Donald Trump and Bernie Sanders agree: Super PACs are bad.
In a speech to Liberty University students last year, before Trump had even become the Republican candidate, he expounded, “We have to do something about Super PACs. Because Super PACs are now running the country. Gotta get rid of Super PACs. Really, really, really bad.”
“Because Super PACs are now running the country. Gotta get rid of Super PACs. Really, really, really bad.””]
And in an interview Sanders gave long before he lost the Democratic primary to Clinton, he said that “a major problem of our campaign finance system is that anybody can start a super PAC on behalf of anybody and can say anything.”
When Bernie Sanders and Donald Trump agree, it must be true. But what is a “Super PAC” anyway, and why are they so bad — “really, really, really bad”?
Super PACs and Citizens United
A Super PAC (the PAC stands for “political action committee”) is merely a group of citizens who pool their resources to try to elect a certain candidate. Super PACs are prohibited from contributing money directly to candidates, but they can spend as much as they want to communicate with the American public.
Although you’ll often hear Super PACs described as “secret, unaccountable money,” in fact Super PACs publicly disclose all of their donors and all of their expenditures over $200.
(There are organizations, such as the Rifle Association, Planned Parenthood Action Fund, and the League of Conservation Voters, that do disclose their political spending, but not the names and personal information of their members and donors. These organizations, called 501(c)(4)s, make up about 3 percent of all political spending in federal elections, and, like Super PACs, are heavily regulated.)
Historically, individual Americans were always able to spend as much as they wanted on elections. But beginning in the 1970s, the Federal Election Commission interpreted the law to limit the ability of citizens to work together.
Thus, it was perfectly legal for Jane Smith to spend $25,000 to try to convince you to vote for her preferred candidate, and legal for John Smith to spend $25,000 to do the same. But if the two sat down and said, “let’s pool our resources and do this together,” the law limited each of them to spending no more than $5000. What kind of logic was that?
Then in 2010, the U.S. Court of Appeals held that this restriction violated the First Amendment. At about the same time, the U.S. Supreme Court held, in the famous case of Citizens United v. Federal Election Commission, that corporations could spend money to voice their views, too, meaning that Super PACs could accept corporate and union contributions as well as individual contributions.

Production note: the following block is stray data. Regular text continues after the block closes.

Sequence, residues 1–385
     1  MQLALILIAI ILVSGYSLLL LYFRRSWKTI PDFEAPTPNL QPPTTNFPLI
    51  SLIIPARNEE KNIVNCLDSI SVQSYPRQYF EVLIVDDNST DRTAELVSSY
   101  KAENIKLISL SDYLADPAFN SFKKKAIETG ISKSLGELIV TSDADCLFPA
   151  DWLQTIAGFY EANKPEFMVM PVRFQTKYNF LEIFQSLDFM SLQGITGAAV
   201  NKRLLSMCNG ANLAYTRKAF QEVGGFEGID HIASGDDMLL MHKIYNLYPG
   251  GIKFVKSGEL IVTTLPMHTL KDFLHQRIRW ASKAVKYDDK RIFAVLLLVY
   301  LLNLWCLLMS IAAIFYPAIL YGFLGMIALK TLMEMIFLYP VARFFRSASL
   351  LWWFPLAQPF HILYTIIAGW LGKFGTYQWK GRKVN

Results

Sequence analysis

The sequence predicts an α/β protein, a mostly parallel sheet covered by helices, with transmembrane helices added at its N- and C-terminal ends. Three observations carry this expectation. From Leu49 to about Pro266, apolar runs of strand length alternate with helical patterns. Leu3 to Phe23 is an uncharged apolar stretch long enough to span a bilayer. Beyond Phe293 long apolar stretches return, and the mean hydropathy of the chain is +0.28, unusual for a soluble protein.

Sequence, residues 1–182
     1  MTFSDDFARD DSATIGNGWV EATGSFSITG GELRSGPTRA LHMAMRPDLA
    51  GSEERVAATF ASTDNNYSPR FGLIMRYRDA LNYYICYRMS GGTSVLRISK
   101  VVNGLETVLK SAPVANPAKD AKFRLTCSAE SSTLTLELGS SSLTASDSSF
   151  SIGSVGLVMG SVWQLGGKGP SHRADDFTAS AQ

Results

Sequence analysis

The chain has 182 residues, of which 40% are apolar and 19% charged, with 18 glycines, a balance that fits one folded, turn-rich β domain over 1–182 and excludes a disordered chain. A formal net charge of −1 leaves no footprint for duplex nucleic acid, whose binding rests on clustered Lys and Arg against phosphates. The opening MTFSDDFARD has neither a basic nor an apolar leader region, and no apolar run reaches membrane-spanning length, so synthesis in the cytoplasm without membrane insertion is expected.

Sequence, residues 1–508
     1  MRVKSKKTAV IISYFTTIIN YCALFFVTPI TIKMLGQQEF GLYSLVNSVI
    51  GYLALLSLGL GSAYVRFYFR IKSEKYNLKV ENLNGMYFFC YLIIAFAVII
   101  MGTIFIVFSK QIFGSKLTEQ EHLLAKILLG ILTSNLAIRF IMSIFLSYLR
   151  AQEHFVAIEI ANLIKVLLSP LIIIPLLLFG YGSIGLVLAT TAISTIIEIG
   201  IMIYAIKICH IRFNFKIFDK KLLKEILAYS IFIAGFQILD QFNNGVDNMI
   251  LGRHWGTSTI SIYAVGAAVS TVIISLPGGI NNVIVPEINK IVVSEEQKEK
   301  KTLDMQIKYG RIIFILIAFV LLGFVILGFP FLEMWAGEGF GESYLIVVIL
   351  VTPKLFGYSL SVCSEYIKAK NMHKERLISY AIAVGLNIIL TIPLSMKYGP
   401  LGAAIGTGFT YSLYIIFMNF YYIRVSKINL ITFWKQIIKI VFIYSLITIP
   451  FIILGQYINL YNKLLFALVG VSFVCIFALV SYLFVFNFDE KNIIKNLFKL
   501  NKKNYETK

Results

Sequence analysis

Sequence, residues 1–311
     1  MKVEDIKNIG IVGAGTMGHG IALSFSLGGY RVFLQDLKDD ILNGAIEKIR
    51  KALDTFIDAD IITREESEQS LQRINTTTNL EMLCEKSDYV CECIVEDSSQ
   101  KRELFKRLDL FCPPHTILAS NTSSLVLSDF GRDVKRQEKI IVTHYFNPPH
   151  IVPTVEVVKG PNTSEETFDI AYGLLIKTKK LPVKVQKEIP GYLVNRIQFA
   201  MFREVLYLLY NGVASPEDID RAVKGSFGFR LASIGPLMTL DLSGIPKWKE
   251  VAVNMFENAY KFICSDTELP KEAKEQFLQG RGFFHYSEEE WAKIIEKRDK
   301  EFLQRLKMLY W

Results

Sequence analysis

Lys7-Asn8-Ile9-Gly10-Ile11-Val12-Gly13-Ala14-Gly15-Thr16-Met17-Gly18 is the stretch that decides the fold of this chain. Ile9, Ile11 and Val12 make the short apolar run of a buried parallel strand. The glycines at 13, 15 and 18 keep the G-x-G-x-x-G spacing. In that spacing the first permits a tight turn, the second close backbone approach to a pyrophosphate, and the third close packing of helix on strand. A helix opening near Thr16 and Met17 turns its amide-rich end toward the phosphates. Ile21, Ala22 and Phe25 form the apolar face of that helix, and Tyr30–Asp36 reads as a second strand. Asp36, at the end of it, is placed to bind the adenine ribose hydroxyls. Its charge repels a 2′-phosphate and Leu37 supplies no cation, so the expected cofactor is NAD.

In fact, however, the overwhelming majority of Super PAC money — about 90 percent — still comes from individuals.
Of course, some people have more money to spend on politics than others, and therefore, not surprisingly, most Super PAC money comes from people with lots of money. And that money is used to turn out voters and to campaign for candidates.
Life without Super PACs
Is it really, as Senator Sanders claims, “a major problem … that anybody can … say anything” about any candidate? What would democracy look like if the government could prohibit citizens from saying certain things about certain candidates?
That idea brings us back to President Trump. Trump, recall, was outspent by many of his rivals in the Republican primary. His campaign was also heavily outspent by Hillary Clinton in the general election. Add in spending by Super PACs, and the pro-Clinton forces outspent the Trump camp by more than 2 to 1. What can we learn from this?
First, money doesn’t buy elections. You have to have a message and a candidate that resonates with voters.
money doesn’t buy elections”]
This emphasizes a second point — candidates bring different strengths and weaknesses to the campaign. Trump, thanks to his long career in business and entertainment, began the campaign with name recognition that was unmatched in the Republican field, except possibly by Jeb Bush.
And Trump’s ability to spend his own money on his campaign was a huge advantage — while other candidates were fundraising, Trump could simply write a check. Thus, the existence of Super PACs actually equalized things.
If Super PACs had been abolished, that would have hurt Trump’s opponents. To the cynic, it should be no surprise that Trump remains critical of them.
However, there is reason to believe that Trump’s criticism is not so cynical after all. While he continues to criticize Super PACs, those who listen closely to him will notice that his criticism is not of people’s right to spend money per se, but of the fact that they are forced to use Super PACs rather than simply do what Americans could legally do right up until the 1970s — contribute whatever they wanted directly to candidate’s campaigns. At an impromptu appearance just days before his inauguration, Trump stated,
I think we ought to straighten out the PACs — right, folks? I think they should be able to give to a campaign and expose it and everything. But I think this PAC stuff — maybe we can get it straightened out, because it’s a little ridiculous.”]
Trump seems to recognize that the problem with Super PACs is not that people can spend what they want to talk about politics, but that the regulatory system still makes no sense. Why not allow people to contribute directly to campaigns, and do away with the FEC’s 500 pages of complex regulation of political speech? If Trump can do that, he’ll do democracy a great service.
Meanwhile, for those of you already certain you’ll want to defeat President Trump in 2020, here’s a question: Do you want to give government the power to limit how much people can spend to try to defeat President Trump?